KUALA LUMPUR — A Malaysian oil tanker that went missing last week carrying fuel worth 21 million ringgit (US$5.6 million) and 22 crew members is believed to have been hijacked by pirates, marine police said on Monday.
MT Orkim Harmony, loaded with 7.5 million liters (2 million gallons) of gasoline belonging to national oil company Petronas, was headed to northern Kuantan when communications with it were lost late on Thursday near Singapore. It was the second tanker believed to have been hijacked this month in the same area.
Ahmad Puzi Abdul Kahar, deputy director-general of the Malaysian Maritime Enforcement Agency, said there was a “high probability” that the tanker was taken by pirates, although no ransom demands have been received. The crew consists of 16 Malaysians, five Indonesians and a Burmese national.
He said the vessel didn’t issue any distress call and all communications and tracking systems could have been turned off.
Another Malaysian tanker carrying diesel fuel was hijacked June 4 in the same area. The vessel was released after the fuel was siphoned off.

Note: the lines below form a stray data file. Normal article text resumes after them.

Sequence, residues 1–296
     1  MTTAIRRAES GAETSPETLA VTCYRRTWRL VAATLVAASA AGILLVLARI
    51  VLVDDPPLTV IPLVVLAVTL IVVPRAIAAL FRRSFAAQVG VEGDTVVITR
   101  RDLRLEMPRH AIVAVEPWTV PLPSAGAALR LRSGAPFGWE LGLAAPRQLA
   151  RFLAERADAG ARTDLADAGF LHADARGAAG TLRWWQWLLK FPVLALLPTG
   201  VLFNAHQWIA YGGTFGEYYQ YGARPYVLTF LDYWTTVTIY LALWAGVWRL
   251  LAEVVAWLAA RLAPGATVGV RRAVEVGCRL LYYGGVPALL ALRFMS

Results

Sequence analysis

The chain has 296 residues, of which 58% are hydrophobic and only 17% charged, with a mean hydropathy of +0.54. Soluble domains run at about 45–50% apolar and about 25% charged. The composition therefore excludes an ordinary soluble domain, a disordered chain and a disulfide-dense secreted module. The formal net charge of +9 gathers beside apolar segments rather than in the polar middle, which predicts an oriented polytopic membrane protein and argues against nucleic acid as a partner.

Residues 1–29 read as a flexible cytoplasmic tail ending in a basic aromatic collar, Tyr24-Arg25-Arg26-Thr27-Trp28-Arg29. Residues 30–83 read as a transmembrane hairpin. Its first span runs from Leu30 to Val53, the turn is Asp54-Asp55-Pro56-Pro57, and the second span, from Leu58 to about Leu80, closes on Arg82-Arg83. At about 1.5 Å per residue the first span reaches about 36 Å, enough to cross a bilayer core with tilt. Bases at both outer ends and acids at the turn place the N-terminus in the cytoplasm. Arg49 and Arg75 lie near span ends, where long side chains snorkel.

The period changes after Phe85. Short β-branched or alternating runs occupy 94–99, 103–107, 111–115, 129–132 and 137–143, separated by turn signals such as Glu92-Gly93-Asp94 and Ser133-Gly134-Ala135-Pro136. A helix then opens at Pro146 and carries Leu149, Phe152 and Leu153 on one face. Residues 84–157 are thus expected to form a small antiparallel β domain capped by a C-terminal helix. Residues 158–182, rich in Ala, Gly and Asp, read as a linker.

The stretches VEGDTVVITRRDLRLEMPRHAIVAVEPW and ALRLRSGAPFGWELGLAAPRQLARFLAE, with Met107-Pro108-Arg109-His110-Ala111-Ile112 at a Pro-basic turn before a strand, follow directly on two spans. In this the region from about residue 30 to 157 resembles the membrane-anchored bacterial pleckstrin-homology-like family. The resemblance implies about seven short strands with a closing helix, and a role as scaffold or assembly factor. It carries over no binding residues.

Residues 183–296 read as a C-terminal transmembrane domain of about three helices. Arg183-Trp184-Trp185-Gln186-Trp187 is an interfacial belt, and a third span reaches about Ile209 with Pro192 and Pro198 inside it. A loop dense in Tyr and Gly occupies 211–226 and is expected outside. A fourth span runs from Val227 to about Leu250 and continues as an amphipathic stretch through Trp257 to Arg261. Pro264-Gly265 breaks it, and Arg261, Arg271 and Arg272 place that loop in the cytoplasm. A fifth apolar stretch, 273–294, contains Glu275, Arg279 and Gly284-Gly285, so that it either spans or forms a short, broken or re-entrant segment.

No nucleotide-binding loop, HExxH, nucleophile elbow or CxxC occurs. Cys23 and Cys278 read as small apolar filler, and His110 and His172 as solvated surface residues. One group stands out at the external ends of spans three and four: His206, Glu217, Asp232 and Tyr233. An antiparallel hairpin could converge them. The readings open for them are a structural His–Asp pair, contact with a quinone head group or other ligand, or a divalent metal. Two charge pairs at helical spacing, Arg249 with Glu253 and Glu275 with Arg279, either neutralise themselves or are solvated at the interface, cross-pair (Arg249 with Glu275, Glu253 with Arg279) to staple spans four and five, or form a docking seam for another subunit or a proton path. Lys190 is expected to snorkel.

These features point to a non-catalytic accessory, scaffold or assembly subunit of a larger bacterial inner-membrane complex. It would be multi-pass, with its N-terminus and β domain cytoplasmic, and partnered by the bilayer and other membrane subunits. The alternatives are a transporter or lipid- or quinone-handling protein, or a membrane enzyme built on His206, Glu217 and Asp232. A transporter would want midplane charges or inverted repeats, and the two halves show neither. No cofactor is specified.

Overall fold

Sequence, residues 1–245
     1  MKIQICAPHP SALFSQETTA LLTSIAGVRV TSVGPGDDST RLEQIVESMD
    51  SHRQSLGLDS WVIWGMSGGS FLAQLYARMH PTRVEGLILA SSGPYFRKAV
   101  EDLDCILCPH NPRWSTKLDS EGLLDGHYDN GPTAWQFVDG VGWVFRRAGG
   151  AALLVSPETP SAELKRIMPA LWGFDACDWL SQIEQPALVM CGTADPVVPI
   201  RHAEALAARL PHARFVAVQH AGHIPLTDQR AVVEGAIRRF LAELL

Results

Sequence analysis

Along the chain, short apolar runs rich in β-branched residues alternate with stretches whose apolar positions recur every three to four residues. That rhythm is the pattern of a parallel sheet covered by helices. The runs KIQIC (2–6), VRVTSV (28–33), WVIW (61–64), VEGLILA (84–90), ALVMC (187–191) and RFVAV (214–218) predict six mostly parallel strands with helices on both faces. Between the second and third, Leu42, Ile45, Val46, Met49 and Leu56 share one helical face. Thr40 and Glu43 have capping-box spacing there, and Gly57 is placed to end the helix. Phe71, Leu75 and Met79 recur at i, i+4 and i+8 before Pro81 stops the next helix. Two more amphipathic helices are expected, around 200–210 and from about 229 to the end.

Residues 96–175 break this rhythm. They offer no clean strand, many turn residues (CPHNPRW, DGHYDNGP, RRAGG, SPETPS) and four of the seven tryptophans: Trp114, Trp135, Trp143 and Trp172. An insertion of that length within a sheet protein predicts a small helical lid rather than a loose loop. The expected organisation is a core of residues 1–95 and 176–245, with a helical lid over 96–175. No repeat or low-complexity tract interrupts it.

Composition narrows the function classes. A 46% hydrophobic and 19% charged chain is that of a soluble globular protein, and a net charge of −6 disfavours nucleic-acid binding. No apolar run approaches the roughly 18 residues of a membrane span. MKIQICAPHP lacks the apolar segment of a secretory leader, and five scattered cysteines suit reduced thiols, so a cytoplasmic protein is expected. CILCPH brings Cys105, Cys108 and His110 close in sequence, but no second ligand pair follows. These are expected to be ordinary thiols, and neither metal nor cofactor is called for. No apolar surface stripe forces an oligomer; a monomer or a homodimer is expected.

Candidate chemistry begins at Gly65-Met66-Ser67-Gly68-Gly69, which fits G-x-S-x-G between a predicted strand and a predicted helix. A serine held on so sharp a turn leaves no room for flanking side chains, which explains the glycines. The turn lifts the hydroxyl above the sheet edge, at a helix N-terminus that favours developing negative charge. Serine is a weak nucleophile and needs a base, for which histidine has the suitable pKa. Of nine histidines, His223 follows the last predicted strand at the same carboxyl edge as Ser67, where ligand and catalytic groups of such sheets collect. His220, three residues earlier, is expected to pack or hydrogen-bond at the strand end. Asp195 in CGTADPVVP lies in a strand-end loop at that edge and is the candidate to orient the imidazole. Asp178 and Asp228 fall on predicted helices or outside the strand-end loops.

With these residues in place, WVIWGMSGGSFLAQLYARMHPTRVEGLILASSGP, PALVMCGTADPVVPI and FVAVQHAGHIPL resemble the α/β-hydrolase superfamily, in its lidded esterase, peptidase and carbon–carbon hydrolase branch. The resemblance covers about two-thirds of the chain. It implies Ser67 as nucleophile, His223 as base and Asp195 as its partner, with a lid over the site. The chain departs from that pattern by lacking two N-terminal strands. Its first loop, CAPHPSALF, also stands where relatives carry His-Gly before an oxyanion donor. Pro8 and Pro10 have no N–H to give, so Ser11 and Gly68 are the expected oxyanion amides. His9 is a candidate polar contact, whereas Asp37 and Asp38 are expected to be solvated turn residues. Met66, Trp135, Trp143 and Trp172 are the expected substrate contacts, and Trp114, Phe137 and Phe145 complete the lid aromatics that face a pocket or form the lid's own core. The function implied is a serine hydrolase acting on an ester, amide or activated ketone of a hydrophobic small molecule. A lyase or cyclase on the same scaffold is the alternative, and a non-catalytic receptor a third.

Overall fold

Ahmad Puzi said it will be more difficult to steal the gasoline because it is highly flammable and requires special safety equipment. He said the nearest such facilities are in Thailand, Brunei and Vietnam.
The agency is in touch with its regional counterparts to track the vessel, he added.
The International Maritime Bureau said attacks against small tankers off Southeast Asia’s coasts have been rising since last year. Gangs of armed thieves usually target small tankers in the region for their cargo, looking specifically for marine diesel and oil to steal and then sell, it says.
Pirates have been particularly active near Indonesia’s Bintan island and in the South China Sea, where 11 vessels were hijacked last year, the bureau said.